I wasn't here this morning, but it seems there was a bit of a consensus that perhaps the approach should be a land-lease community bill or statute, and that I concur with.

But I'm very concerned about the consultation process. I happened to be meeting with a planner and a town clerk in a township just east of Toronto and I mentioned the impact Bill 21 might have on their community. They had never been circulated the bill, had never been advised that the bill even existed, had not been contacted by Municipal Affairs. My understanding is that the policy in this province is that where there is a statute proposed by the province which will directly impact on a municipality, that that be circulated into all of the municipalities for comment. This has not been done, to my knowledge, with this bill. That concludes my comments.

Mrs Marland: I think it's my turn to ask questions.

The Chair: No, it's Mr Conway's turn.

Mr Conway: It being Margaret's birthday, I want to defer to her. Margaret, go for it.

Mrs Marland: Thank you, Mr Conway. This consultation process, or absolute dearth of it, is a tremendous concern. I would like to ask Mr Wessenger whether he personally, as it was a private member's bill, circulated it even to AMO, the Association of Municipalities of Ontario.

Mr Fletcher: They agreed with it.

Mrs Marland: That wasn't the question. The question was, was it circulated to them?

Mr Wessenger: Did I circulate it to AMO? No, I did not circulate it.

Mrs Marland: The problem is that it's almost like it's a deliberate move to deal with one side of one subject, which is not constructive in the least. My office is getting more and more calls now from people who suddenly realize this is here, in fact from people who don't live in my riding, because I don't have this kind of development in my riding. But they're saying, "Why didn't you let us know?" I say to them, "Unfortunately, it's the responsibility of government, or, if it's a private member's bill, for that individual member to circulate it to the parties that are affected." This is what we've been hearing all day, that people happen to have heard from somebody else. That part is very disappointing.

Mr Hudson, I want to thank you for the information you're bringing to us, especially the Ministry of Municipal Affairs report in February of two years ago, 1992, the draft of the planning guidelines for retirement villages. I didn't know of that. It's very interesting when these guidelines end up, as you say, presenting a very negative view of the impact of an adult lifestyle community on a local community or economy. I can see so many of these communities being adjacent to more rural communities, where they would be glad that people are buying carpet and furniture and groceries and milk and everything else because that community has evolved.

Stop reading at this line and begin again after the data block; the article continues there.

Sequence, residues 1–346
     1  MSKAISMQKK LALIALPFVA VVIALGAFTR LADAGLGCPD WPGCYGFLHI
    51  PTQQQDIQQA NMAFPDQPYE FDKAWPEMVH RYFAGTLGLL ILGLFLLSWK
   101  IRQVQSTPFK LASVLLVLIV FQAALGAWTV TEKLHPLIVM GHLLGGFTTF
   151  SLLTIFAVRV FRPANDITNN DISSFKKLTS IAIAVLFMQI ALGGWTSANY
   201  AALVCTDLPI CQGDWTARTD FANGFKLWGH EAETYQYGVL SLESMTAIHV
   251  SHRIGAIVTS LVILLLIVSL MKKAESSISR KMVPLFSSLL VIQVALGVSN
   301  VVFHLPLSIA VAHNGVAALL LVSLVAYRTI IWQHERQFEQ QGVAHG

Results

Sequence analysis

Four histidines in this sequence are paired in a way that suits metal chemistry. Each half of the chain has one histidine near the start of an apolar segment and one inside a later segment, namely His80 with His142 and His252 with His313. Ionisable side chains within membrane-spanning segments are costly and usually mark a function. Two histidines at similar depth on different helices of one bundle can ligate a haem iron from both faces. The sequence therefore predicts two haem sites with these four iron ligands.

I don't have questions for you, but for Mr Wessenger. Mr Wessenger, did you consider this draft that was available in February 1992? I'd like to ask that we all receive a copy of this through the clerk or maybe through Mr Richmond, the researcher, because I think we need this information. Did you refer to this draft?

Mr Wessenger: Obviously, my bill is not directed to the whole question of development within the province; mine is designed to protect the rights of tenants who live in mobile home parks and those who live in land-lease communities --

Mrs Marland: Are they not retirement villages?

Mr Wessenger: -- and to ensure that we have marketable units, which is in the interests of both owners and tenants, and that we have security of tenure, which is of utmost importance to tenants. That's the limited purpose of this bill. This bill is not designed to do a complete revision of the law with respect to land-lease communities or designed to do a complete revision with respect to the Landlord and Tenant Act.

Mrs Marland: I don't think you heard my question. My question was about retirement villages. You just didn't want to answer it, I guess.

The Chair: Thank you, Mrs Marland.

Mr Wessenger: Mr Hudson, I was curious about your comments with respect to the amendments to the Planning Act. I've had discussions with several people from land-lease communities. As you know, my bill merely requires that they develop either under subdivision control or under site plan development, and in my discussions with most of the people developing these types of projects, they're doing them under site plan. It seemed to me as a former municipal councillor, as a lawyer dealing with a lot of real estate development in my experience, it was an unfortunate gap in the past that you could have many of these mobile home parks grow up without any planning, without any services. By having a requirement of site plan approval, you're going to ensure that you get the planning control for the development of these. I have some difficulty in understanding why you would object to an almost minimalistic approach with respect to the development, particularly in view, as I said, of the comments I've had with developers who are quite sophisticated in this area.